On the one hand, the emphasis on giving before making sure that you have enough money to cover your bills or emergencies is just...not smart. It's not. I don't care that that makes me seem like I have less faith than those who just throw their money at a church or a Christian charity or whatever and trust that God will take care of them.
I'm a big believer in that old cliche, 'Trust God but tie up your camel.' There are so many people who have incredible amounts of faith but haven't got a pot to piss in. Because, in part, they haven't used the brains and the resources that God gave them to make their lives liveable. Meanwhile megachurch pastors and televangelists have million dollar homes and are asking their congregations for more and more and more. The disparity between the religious leaders of our day (and leaders of the past as well) and Jesus should be impossible to ignore. He did everything that he did with nothing.
'Well, but he's God!'
Maybe. But the people of his time didn't know or believe that. They followed him because of his message and because of how he lived out what he taught. Not because he had the nicest ass in Jerusalem or his robes were the best or his sandals blinged out.
And on the other hand, these passages and other parts of this book have just driven home how much of a business religion is. It's all about getting people into your building so that they can give you money so you can keep doing fancy programs and nicer surroundings and this that and the other thing so you can attract more people so they can...and the only people getting anything consistently out of this are the pastors at the top who seem to get rich in these set ups.
I mentioned something about this last night to Heather and she pointed out that this is why so many people are people of faith but no religion. But that's only a temporary solution in my mind. It's *hard* to have faith and no people around you who share in and support you. Humans are herd animals at heart. We want to be with others like us. We need human contact. How long do you think people last without a community to support them?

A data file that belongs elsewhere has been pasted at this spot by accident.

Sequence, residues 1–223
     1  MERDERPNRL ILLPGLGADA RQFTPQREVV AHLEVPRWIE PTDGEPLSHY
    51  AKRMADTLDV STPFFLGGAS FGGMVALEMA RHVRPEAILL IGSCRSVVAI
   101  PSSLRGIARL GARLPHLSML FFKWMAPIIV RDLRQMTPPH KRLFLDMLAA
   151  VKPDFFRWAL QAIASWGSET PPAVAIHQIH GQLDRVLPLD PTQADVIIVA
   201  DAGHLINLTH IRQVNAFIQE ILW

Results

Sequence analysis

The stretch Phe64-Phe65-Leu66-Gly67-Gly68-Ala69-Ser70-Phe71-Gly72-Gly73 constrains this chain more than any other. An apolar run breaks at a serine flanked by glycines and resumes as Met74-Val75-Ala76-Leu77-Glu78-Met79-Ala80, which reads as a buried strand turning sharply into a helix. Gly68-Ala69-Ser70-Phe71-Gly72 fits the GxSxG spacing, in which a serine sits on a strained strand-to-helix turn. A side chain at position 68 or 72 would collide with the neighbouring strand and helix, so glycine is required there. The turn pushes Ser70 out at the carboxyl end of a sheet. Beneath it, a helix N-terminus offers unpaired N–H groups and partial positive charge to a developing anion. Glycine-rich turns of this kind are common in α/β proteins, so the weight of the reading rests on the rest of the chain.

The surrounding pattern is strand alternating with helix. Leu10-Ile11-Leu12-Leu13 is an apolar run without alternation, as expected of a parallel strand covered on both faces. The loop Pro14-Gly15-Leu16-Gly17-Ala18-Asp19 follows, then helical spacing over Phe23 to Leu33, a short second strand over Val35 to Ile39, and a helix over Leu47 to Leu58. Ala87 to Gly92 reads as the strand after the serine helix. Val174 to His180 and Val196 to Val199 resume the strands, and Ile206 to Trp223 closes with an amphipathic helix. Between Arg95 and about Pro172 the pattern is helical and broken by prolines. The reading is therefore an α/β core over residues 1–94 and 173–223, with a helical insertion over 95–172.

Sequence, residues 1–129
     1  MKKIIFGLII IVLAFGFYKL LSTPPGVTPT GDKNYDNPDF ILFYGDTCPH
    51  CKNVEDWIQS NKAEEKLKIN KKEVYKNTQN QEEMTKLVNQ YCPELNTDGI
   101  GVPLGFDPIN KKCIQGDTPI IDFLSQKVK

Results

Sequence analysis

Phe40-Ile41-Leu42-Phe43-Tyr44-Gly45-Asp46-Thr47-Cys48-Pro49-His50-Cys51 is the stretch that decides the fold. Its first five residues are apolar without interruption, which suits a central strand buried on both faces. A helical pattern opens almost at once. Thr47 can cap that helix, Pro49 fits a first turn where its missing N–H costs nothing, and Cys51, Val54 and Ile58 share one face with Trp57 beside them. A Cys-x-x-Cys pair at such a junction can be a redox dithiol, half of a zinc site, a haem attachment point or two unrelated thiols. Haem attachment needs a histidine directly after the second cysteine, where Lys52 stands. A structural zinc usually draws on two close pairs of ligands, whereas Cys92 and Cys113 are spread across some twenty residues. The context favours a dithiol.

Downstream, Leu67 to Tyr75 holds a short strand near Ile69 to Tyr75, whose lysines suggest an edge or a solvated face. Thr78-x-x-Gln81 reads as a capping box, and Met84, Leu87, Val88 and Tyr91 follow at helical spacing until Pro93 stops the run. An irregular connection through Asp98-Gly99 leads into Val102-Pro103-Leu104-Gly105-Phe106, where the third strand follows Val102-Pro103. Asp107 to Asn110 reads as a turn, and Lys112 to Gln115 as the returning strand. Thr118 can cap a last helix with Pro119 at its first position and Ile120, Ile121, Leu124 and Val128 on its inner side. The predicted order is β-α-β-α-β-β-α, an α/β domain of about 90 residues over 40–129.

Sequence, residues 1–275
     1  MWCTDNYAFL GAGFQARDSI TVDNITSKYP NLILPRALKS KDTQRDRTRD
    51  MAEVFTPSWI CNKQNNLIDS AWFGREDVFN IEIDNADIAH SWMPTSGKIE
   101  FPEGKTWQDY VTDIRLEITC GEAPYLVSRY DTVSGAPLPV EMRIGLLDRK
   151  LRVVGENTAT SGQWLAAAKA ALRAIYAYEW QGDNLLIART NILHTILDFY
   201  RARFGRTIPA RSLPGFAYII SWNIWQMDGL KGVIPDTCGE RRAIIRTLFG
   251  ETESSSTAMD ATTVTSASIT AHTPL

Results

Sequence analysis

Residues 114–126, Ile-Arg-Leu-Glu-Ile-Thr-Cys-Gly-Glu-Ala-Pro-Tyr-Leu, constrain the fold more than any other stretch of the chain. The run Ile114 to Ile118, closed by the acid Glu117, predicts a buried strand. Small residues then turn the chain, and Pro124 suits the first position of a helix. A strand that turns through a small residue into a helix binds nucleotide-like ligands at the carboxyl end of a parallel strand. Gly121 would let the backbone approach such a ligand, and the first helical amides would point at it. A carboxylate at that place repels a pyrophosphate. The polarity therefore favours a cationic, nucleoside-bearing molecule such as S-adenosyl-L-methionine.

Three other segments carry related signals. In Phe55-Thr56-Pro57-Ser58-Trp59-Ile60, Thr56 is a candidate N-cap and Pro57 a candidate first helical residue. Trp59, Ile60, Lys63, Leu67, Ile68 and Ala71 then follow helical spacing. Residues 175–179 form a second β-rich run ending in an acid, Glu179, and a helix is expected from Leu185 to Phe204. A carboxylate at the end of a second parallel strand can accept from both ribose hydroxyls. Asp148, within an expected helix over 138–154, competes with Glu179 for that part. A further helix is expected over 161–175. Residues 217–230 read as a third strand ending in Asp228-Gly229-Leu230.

Faith leads to religion and religion in modern times is a business.
And oh, hey, remember that rant at the beginning that I was like 90% sure had nothing to actually do with the content of the book? Heh. I totally forgot this line:
"I'm partial to hungry, ignorant Christians myself. The kind who are content to love Jesus and the people he died for."
Love is awesome. Whoo! I would much rather have Christians running around showing love to everyone rather than judging them by standards that they themselves don't even live up to. Which seems to be what a large portion of Christians do these days. But it's the 'ignorant' part that kills me. Ignorant Christians will swallow anything that a charismatic pastor tells them and assume that because he can find a verse in the Bible that seems to back him up that it's all good.
I can't stand ignorance.
Also, if you love someone, don't you want to know more (everything) about them? How can someone love Jesus and be content with ignorant?
One of the things that really grates on me that has less to do with theology is the fact that his church makes people make a three minute video before they're allowed to be baptised. This video chronicles this persons journey to the point of baptism and I guess hearing the convert story is uplifting but I'm just putting myself in that place and knowing that I would not do it. I would leave and find a different church rather than do that because my story is mine and there's a level of forced soul barring involved here that I don't like.
There's also the tie in that they do the baptisms directly before they start asking the congregation for money. Emotional manipulation right before an appeal. 'Look at this trick I performed! Give me more money so I can keep doing it!'
I do think that some things could be learned by churches from the care that this church takes in making sure that they're always ready and aware of their guests. From the descriptions that are given the staff goes out of their way to pay attention to first time visitors, to bring them into the congregation with that first visit.
Most churches (all the ones I've ever visited) don't do this. They may ask if they have any first time visitors (not all of them even do that) but that's about it. I can't tell you how many churches I have walked into and out of without anyone even saying hello to me.
Actually, funnily, the only place I've ever been acknowledged or asked if I was new was at the local mosque. To be fair it's a small community so I think I stood out but the simple fact of that one man stopping and asking me if I needed help or direction *did* make a good impression.
So, all in all. Well written book and I believe that people who followed this model would have successful modern churches. They're just not churches that I would attend or have any interest in. And it's kind of made me sad, reminding me of how impossible it is to have a faith community free of the business-model kind of religion we have today.